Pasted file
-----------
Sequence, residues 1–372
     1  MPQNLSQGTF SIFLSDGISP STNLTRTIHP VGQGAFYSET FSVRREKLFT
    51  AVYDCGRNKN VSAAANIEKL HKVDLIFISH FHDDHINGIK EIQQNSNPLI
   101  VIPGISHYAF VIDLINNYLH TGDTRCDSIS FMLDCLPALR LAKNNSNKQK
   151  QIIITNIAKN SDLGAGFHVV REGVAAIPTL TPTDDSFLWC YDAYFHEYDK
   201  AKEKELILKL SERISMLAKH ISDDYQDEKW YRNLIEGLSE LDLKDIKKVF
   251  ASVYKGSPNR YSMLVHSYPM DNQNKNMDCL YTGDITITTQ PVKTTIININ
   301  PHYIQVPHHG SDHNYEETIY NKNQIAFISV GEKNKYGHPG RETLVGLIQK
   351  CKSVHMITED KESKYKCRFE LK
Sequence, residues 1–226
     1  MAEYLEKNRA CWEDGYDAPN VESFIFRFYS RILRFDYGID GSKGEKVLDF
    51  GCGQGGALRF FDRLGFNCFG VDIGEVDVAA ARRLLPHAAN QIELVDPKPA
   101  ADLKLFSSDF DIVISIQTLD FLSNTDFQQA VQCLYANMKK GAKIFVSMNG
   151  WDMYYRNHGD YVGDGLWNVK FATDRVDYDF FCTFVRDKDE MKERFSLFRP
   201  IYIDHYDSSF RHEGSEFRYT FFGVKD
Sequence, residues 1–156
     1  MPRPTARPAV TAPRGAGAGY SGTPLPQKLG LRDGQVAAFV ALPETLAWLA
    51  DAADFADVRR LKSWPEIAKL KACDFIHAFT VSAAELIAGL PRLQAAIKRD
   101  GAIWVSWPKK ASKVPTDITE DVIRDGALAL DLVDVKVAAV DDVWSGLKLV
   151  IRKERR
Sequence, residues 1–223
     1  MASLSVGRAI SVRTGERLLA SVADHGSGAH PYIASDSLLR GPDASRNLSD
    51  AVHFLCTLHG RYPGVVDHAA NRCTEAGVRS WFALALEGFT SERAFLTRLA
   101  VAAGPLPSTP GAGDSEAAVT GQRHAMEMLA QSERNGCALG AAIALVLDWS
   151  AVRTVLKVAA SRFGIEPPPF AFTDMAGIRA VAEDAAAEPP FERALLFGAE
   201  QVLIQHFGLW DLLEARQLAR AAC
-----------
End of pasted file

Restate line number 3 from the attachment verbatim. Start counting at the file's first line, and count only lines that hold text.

    51  AVYDCGRNKN VSAAANIEKL HKVDLIFISH FHDDHINGIK EIQQNSNPLI